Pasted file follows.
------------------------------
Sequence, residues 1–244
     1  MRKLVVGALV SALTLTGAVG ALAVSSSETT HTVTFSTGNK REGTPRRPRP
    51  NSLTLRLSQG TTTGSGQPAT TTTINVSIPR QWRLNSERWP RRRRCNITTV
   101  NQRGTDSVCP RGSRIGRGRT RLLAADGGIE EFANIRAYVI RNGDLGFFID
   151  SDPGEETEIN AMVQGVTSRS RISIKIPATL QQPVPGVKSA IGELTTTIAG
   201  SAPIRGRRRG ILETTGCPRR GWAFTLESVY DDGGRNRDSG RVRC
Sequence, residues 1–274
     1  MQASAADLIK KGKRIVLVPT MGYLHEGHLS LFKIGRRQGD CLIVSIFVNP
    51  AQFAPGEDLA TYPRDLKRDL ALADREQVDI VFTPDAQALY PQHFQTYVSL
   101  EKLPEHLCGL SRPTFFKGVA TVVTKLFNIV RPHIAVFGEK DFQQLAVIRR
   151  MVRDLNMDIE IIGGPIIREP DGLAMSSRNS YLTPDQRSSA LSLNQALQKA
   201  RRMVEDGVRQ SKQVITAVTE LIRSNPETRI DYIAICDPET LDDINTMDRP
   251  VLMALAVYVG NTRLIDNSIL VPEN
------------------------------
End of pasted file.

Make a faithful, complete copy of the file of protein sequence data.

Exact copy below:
Sequence, residues 1–244
     1  MRKLVVGALV SALTLTGAVG ALAVSSSETT HTVTFSTGNK REGTPRRPRP
    51  NSLTLRLSQG TTTGSGQPAT TTTINVSIPR QWRLNSERWP RRRRCNITTV
   101  NQRGTDSVCP RGSRIGRGRT RLLAADGGIE EFANIRAYVI RNGDLGFFID
   151  SDPGEETEIN AMVQGVTSRS RISIKIPATL QQPVPGVKSA IGELTTTIAG
   201  SAPIRGRRRG ILETTGCPRR GWAFTLESVY DDGGRNRDSG RVRC
Sequence, residues 1–274
     1  MQASAADLIK KGKRIVLVPT MGYLHEGHLS LFKIGRRQGD CLIVSIFVNP
    51  AQFAPGEDLA TYPRDLKRDL ALADREQVDI VFTPDAQALY PQHFQTYVSL
   101  EKLPEHLCGL SRPTFFKGVA TVVTKLFNIV RPHIAVFGEK DFQQLAVIRR
   151  MVRDLNMDIE IIGGPIIREP DGLAMSSRNS YLTPDQRSSA LSLNQALQKA
   201  RRMVEDGVRQ SKQVITAVTE LIRSNPETRI DYIAICDPET LDDINTMDRP
   251  VLMALAVYVG NTRLIDNSIL VPEN